Radial jets were a more conservative design, and less efficient by design. As you said axial flow engines were the future.

ryankm
12-24-2006, 08:27 AM
The ta-183 is fine performance wise it is just underpowered

Klemm.co
12-24-2006, 04:09 PM
Originally posted by anarchy52:
P.S. Unlike Ta-183 we have in game, Ta-183 1st concept didnt't have elevators on the tail, ailerons provided both the pitch and the roll control.
This is a very strange point about the Ta-183 in the game. But i think its a game-engine limitation. Since no aircraft MG planned to model for the Il-2 series had its trim-tabs seperated from the elevator, it seems like they decided to combine the trim tabs and the elevator, which, of course, isn't correct.
But even if the elevons were used for both elevators and ailerons on the in-game Ta, i don't think it would change anything in performance. It really is just a cosmetic thing.

Greb
12-26-2006, 10:36 AM
I think it is a cool addition to the Sim. It will be fun to paint some up as F86's and some as MIG's and just go to town!

Would it have flown as the Germans thought it would, who knows, probably not? You can crunch numbers, talk design all you want. You can get a good idea but until it lifts off the ground it's a Ford/Chevy argument! The one thing that is a fact. Everyone was working on the "Jet". The Germans were in the lead design wise. Look at every countries version of their first swept wing. They all have a little of the TA-183 in them. IMHO!

Jaws2002
12-26-2006, 10:56 AM
The argument is kinda pointless. The version modeled in the game was rejected by Tank before the war's end so there's little chance it would have been flying the way it was even if the war dragged on.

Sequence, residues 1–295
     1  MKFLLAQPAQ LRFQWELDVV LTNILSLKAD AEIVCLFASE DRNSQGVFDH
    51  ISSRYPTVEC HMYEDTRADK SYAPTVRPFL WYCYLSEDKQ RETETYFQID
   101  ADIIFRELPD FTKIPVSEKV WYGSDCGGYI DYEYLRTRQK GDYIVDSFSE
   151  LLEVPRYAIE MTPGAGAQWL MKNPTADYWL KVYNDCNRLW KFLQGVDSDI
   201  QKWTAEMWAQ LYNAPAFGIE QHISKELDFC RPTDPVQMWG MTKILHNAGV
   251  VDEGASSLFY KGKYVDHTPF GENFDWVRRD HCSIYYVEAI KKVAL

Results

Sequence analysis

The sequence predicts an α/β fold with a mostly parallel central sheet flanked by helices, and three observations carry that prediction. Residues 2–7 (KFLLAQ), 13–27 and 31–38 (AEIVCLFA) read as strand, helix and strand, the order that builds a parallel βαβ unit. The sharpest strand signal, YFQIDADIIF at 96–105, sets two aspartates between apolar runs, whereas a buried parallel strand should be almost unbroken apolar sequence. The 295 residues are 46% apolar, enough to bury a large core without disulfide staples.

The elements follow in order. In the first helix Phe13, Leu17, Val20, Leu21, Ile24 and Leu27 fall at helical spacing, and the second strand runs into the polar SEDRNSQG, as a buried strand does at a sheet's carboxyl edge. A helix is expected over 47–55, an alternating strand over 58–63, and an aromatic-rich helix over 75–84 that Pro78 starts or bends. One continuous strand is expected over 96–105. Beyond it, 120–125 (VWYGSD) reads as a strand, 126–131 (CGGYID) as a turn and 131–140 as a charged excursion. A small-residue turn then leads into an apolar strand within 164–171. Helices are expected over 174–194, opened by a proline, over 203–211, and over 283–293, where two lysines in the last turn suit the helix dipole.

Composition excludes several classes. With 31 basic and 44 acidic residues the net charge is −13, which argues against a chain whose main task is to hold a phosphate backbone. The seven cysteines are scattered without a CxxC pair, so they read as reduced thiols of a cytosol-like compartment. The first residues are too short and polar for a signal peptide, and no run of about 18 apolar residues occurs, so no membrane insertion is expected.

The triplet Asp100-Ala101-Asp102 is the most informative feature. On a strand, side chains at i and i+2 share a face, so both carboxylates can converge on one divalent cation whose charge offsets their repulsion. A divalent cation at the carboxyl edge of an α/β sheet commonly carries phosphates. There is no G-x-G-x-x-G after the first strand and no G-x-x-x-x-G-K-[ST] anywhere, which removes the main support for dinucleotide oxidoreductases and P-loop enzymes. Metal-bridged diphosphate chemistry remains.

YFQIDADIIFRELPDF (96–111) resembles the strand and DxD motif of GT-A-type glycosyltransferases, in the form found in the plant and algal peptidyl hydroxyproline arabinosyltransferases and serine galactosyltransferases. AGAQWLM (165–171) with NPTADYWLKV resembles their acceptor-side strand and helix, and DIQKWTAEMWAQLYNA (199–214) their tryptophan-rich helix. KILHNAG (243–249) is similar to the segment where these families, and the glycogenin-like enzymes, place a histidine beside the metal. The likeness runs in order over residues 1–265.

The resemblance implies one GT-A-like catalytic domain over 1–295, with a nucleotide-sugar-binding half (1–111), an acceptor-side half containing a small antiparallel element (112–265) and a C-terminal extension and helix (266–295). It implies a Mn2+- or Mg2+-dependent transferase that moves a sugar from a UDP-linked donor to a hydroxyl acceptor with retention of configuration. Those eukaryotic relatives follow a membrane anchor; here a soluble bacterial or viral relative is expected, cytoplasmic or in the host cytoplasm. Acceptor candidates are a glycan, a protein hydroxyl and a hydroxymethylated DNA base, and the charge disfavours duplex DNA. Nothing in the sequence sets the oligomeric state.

In my oppinion they should have modeled the most likely accepted version not the most exotic one.

The design III was more likely to be built:
http://www.luft46.com/fw/3bft183j.jpg
http://www.luft46.com/fw/ta183cut.jpg

Also the fact that is modeled with the Jumo 004B, planed to equip the prototype only until HeS 011 jet engine was ready doesn't help.<div class="ev_tpc_signature">

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Aaron_GT
12-26-2006, 02:57 PM
This statement shows your ignorance. Had there been a contiguous development effort, uninterrupted by WWII end, Pulqui would be ready by 1949 the latest.

This is very true, and had the Pulqui been ready for production in 1949 it would have been a very competitive aircraft. As it was it was 4 years later before it was at this point and by this time it was moving into obselesence (at least in terms of US-USSR rivalries, it would have still been competitive within South America, of course, where prop fighters were still the order of the day). In 1954, though, the prototypes of the F-104 and Lightning were flying, and the Pulqui was in no way competitive with these, although these took a few more years to actually come on stream.